Ms. Murphy ignored the glaring reality, documented by Noah Pollak in The Weekly Standard, that Times coverage all but ignored pictures of Hamas fighters, tunnels, rockets, and human shields. Virtually its only photos exposed the civilian casualties caused by Israeli retaliation for Hamas attacks. These are “balanced” by photos of Israeli tanks and soldiers. It is not difficult to discern who, according to the Times, are the aggressors.
Even its front-page headline “Israel Says Hamas is Using Civilians as Shields” (7/24) implied doubt about what could not be more obvious. Although Israel “says” so, Barnard and Rudoren wrote: “Nothing is ever so clear in the complex and often brutal calculus of urban warfare.”
The Times reporters claimed “There is no evidence that Hamas and other militants force civilians to stay in areas that are under attack — the legal definition of a human shield under international law.”
False. The Geneva Conventions assert: “The presence of a protected person may not be used to render certain points or areas immune from military operations.”
“At the root of the dueling allegations,” they wrote, “are the two sides’ very different views.” The retreat to moral equivalency was blatant. It ignored the reality that justified the Israeli bombing of Al-Wafa hospital in Gaza City, which housed a Hamas military command-and-control center and access shafts to its tunnel network. The Israeli attack triggered damaging secondary explosions, suggesting a substantial arms cache beneath the hospital.
The death of Sergeant Max Steinberg, the Golani Brigade “lone soldier” who made aliyah from Los Angeles and was killed in battle fighting for his adopted homeland, reverberated throughout Israel, and in media outlets worldwide. In a remarkable outpouring of sorrow and respect, 30,000 Israelis attended his funeral at the Har Herzl military cemetery in Jerusalem. The Times, however, mentioned his name (7/24) only in the caption of a photograph taken far from the burial site showing nothing more than two dozen spectators and an Israeli flag.
Given the Sulzberger legacy,an American Jew fighting and dying for Israel could only arouse primal anxiety at the Times over allegations of divided loyalty.
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It took three weeks of rocket attacks before Times coverage displayed any sign of moderating the paper’s prevailing narrative of blaming Israel for responding to Hamas aggression. There was a discernible shift in its coverage (7/25) of terrible explosions at a UN school killing 16 Gaza civilians who had gathered there for safety. The page 1 story by Ben Hubbard, its young Cairo-based reporter, was distinctive for its refusal to fault Israel, noting “the source of the blasts was unclear.” Even the lead Times editorial conceded that Israel “has reason” to respond with “strong military action” against rocket attacks while Hamas deserved “the strongest possible condemnation” for locating weapons in densely populated areas.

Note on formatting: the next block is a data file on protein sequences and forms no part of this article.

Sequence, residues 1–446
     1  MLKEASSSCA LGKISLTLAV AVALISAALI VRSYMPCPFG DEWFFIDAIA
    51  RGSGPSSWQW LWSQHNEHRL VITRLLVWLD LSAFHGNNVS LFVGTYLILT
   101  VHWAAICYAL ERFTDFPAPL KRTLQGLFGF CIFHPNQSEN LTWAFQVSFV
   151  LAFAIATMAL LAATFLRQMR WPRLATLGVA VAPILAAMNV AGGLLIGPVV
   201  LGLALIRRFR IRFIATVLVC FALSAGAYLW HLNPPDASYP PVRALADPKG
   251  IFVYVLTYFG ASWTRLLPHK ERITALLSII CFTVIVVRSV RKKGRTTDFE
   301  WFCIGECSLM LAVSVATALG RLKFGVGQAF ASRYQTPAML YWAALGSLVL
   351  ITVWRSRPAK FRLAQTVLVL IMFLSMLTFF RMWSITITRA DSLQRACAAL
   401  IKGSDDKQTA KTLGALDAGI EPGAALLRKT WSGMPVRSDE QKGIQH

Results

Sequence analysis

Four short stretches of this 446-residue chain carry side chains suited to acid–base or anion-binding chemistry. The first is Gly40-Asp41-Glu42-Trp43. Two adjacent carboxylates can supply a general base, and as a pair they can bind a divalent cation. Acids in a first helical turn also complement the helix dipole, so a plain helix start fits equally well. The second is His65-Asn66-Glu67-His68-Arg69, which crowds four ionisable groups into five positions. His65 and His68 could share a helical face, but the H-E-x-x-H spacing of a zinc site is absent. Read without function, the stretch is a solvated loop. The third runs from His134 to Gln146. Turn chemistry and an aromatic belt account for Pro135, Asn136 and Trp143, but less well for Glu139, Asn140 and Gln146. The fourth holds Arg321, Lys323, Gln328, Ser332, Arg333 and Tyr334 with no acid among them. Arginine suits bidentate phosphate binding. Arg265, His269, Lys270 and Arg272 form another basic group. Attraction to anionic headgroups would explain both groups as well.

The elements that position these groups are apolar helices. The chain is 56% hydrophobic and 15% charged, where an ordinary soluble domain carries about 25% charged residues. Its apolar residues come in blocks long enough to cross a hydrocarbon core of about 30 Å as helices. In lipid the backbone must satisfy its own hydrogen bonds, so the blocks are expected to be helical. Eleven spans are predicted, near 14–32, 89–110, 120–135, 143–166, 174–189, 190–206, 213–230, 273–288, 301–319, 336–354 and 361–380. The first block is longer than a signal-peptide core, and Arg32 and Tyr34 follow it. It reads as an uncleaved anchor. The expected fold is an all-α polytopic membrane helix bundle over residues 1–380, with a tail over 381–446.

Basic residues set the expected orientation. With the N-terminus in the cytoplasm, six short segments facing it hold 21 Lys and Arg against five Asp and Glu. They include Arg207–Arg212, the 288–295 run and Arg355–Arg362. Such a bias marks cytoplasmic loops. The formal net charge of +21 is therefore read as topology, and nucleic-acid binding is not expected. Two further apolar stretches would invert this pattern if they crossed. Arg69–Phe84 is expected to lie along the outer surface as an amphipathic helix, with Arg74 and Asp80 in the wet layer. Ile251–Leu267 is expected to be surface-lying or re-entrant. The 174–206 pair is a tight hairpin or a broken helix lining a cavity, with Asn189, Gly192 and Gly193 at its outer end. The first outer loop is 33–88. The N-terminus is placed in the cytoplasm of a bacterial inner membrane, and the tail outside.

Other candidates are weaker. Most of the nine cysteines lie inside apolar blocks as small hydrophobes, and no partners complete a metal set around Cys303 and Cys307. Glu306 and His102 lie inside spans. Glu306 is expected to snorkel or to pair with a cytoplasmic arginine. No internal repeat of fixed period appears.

But the Times quickly recovered its equilibrium. Editorial board member Serge Schmemann, hewing to Times dogma, proposed (7/27) the creation of “two separate states” as the “only solution,”with the United States as “the only viable mediator.” Rudoren, who had returned to Jerusalem, glibly described her underground tunnel “tour” as “part of the propaganda push” conducted by the IDF (7/29).
Only displaced Gaza civilian victims of Hamas warfare were deemed worthy of Times attention. Nearly four weeks into the fighting the Times still ignored the mass exodus from border kibbutzim as thousands of Israelis fled Hamas rockets for safety elsewhere. Nor had it mentioned Hamas responsibility for the deaths of scores of Gaza children who had died in “workplace accidents” while building its tunnels.
It also ignored the rocket fired from the parking lot of Al-Shifa hospital, a war crime reported by a Finnish TV journalist despite Hamas warnings of retribution for such revelations. The booby-trapped UNRWA clinic whose explosion killed three Israeli soldiers was not mentioned. Similarly, only near the end of a lengthy Page 1 article (8/3) did Times reporters refer to five mosques concealing Hamas weapons attacked by Israel.